The group concocts a new scheme to see the Earth King. They’re gonna sneak into a part for his bear (just a bear). Katara and Toph are able to look and conduct themselves as proper folk, but Aang and Sokka must creep in as the wait staff. The girls get in with help of Long Feng, a seeming high ranking professional who won’t let them go. When Aang breaks character to try and approach the king he’s captured by Long Feng. The whole group muffled and restrained by the rock gloves of the Dai Li. It appears that Long Feng is the real power in the city, controlling the secret police and keeping all important matters away from the king.

The amount of influence Long Feng has is elegantly demonstrated in the b-plot as Jet continues to monitor Zuko and Iroh for more firebending slip ups. He gets nothing, and Longshot and Smellerbee begin to fret about his well being. Jet was supposed to start over, but instead he’s pulled right back into the mire of self destructive behavior that defined his inaugural appearance. He’s so convinced that the forces at work in Ba Sing Sae will be on his side that he barges in the duo as they work as servers at a tea shop. Iroh is conciliatory, but Jet is itching for a fight, and Zuko gladly indulges.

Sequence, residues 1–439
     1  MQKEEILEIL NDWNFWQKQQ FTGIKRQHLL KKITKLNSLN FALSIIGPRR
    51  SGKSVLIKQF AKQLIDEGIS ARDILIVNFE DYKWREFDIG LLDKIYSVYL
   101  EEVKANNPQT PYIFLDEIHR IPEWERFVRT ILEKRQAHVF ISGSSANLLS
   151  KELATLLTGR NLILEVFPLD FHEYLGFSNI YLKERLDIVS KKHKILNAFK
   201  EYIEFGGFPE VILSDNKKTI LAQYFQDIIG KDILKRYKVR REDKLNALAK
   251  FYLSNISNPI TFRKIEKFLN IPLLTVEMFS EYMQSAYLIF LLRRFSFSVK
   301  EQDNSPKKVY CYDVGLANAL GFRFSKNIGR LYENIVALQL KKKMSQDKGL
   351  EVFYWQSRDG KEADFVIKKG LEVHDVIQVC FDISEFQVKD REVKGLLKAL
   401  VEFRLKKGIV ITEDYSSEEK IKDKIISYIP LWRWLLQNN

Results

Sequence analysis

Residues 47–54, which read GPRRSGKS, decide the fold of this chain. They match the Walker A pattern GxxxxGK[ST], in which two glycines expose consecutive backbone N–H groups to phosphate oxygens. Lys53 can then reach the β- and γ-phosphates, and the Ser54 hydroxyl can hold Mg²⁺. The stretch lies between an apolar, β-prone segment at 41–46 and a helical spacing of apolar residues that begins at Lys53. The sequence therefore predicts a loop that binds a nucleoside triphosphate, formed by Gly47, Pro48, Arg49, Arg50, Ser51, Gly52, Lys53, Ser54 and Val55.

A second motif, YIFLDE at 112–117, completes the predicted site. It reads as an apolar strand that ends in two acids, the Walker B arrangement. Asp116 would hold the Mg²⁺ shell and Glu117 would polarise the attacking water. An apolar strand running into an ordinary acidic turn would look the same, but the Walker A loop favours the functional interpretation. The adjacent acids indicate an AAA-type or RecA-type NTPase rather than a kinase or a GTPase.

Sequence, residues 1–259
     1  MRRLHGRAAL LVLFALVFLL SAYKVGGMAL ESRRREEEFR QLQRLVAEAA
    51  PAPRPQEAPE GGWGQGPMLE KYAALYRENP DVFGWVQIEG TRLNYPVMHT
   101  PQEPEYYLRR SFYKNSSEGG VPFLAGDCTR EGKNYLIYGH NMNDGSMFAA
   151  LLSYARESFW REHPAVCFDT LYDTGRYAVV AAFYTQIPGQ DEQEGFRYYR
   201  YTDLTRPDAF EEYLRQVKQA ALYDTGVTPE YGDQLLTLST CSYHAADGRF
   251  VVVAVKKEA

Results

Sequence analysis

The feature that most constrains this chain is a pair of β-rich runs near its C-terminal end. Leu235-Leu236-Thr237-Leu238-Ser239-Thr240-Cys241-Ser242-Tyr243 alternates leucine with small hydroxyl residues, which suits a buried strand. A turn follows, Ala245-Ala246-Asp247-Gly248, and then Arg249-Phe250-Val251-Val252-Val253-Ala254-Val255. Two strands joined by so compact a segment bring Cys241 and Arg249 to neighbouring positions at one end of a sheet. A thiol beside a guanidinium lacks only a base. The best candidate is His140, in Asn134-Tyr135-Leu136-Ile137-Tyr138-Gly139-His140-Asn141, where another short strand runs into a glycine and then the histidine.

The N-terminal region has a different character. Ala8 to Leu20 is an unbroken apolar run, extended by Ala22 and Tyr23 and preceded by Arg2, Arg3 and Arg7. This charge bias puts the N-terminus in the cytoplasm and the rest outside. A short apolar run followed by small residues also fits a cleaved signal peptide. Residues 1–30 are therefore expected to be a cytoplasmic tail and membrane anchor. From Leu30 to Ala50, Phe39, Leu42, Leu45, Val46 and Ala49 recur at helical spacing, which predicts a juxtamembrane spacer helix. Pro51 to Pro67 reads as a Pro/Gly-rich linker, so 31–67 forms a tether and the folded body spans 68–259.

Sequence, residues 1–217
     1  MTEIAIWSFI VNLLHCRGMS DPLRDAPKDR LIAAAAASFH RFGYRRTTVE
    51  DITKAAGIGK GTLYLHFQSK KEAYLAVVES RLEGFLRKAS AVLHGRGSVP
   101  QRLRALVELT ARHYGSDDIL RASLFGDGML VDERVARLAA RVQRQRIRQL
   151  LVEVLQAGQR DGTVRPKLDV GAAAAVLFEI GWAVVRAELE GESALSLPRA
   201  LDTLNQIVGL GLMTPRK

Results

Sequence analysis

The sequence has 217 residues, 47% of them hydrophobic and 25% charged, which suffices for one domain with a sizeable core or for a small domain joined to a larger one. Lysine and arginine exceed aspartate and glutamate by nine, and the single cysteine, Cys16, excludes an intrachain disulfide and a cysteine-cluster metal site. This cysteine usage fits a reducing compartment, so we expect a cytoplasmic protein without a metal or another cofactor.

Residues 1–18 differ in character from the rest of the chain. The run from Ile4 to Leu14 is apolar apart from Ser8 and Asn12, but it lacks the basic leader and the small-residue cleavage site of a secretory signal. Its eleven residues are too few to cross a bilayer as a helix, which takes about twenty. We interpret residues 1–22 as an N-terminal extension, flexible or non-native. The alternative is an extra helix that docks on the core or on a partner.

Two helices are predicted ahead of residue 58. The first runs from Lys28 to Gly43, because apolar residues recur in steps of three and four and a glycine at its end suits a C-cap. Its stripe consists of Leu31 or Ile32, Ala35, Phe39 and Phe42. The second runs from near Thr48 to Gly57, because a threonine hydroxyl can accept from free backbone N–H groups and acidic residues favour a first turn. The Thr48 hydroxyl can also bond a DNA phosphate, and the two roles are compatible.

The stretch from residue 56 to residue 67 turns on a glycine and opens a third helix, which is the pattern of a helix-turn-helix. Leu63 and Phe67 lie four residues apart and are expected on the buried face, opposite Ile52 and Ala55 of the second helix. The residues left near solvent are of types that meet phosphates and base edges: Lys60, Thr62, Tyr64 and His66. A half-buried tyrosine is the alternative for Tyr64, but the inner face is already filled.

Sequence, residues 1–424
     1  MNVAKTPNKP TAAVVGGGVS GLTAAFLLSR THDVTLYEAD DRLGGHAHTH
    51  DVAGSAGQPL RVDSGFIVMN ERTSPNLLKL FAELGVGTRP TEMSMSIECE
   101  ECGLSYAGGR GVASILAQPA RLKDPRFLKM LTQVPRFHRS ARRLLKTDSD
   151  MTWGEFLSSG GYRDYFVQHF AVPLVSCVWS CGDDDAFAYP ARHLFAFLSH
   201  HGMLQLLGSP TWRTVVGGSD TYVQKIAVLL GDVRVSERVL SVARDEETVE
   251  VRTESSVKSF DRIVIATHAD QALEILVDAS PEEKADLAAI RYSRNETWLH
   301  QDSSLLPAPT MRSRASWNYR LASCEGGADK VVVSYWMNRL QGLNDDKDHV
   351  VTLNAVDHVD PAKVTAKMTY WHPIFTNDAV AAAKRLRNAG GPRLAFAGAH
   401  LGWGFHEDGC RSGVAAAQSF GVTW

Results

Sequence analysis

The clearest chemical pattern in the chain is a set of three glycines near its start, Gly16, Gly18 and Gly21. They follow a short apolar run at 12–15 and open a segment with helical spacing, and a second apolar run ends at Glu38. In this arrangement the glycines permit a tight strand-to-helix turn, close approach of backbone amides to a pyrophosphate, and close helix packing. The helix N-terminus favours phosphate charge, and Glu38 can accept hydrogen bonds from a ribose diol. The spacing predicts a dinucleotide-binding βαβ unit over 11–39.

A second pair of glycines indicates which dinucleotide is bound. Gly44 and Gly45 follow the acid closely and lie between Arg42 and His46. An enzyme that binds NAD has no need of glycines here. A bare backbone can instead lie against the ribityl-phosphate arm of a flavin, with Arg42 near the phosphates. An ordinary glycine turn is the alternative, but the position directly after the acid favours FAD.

Thus we get the show’s best completely non-bending encounter. It’s all clashing swords and street level acrobatics as the two compete. Jet wants Zuko to firebend, but Zuko is wiser after his fight with the Earth Kingdom soldiers a few weeks ago, and he sticks to the swords. Jet is just aggravating the people of Ba Sing Sae, and when the Dai Li finally come to break up the battle they attack Jet. Arresting him and throwing him in the back of the cart. This fight is wonderfully intercut with Team Avatar’s infiltration of the party as we see the two class levels and how the Dai Li interacts with them.